Norheim turned to look out the largest of the windows in the room, contemplating the flecked blackness beyond. "Yes. Good night, my friends. For the peace of the world..."
"The balance must sway." The response was intoned in unison. Norheim's lip curled.
"It's been a week, Mari! And no word about this Duchess, nothing else to do with that Baron, and there haven't been any more spoooky orders coming into the shop! I think we've hit a dead end."
Marius did not like to admit defeat, but Sal's blunt assessment of the situation was not far from the truth. After the episode involving Mr. Prigpants and the question of the Duchess, Marius had renewed his enthusiasm and began poking around as much as he could to find out more about this mysterious individual. Yet it seemed as though she only existed on that scrap of paper that had been so carelessly dropped.
"You're probably right, Sal. I feel as though all we've done is chase our own tails on a wild Meepit chase!"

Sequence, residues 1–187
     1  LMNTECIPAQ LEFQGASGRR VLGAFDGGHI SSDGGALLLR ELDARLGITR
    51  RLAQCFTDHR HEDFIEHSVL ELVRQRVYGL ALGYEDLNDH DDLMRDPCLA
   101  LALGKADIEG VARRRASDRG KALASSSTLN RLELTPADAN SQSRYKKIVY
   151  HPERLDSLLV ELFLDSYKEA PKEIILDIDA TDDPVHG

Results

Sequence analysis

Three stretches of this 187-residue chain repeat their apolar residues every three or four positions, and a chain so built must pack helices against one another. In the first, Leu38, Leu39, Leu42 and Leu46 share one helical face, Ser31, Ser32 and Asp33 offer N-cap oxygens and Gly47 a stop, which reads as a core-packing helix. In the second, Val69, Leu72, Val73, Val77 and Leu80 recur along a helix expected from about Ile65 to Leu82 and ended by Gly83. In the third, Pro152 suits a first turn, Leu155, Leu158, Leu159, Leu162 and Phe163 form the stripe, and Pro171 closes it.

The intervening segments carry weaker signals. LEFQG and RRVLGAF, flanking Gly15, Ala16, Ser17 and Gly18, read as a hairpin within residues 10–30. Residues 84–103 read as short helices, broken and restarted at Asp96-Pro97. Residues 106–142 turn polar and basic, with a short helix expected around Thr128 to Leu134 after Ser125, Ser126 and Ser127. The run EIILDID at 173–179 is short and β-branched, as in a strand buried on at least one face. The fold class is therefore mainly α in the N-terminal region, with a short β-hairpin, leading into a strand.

"Ah, don't let it get you down! It was a fun week while it lasted. And who knows, maybe we'll find another clue somewhere down the line!"
Sal's unbridled optimism was infectious, and Marius found himself smiling despite himself. "You're a good friend, Sal."
"And you're a bit of a dreamer, Mari. Still got those mad plans for Mystery Island?"
"As soon as Mr. Prigpants and Mr. Swolthy decide that I'm worth more than pennies, I'll be buying that ticket!"
"Speaking of those mad hatters, don't you have to get to work?"
Sal spoke truthfully; Marius had barely noticed the time, so busy was he commiserating over the cold trail of the Duchess. "Goodness, you're right! I'll stop over after work!" With that, the young Kyrii turned on his tail and hurried down the street.
Mr. Prigpants was flummoxed. He was a tailor, a spy, and, at most, a turncoat. But what Norheim had requested of him was simply more than his capabilities allowed for. There was a problem in the form of Marius Finchley, and Mr. Prigpants had written to Norheim to say as much. But for the onus of action to return to his finely-clipped wings was staggering to believe.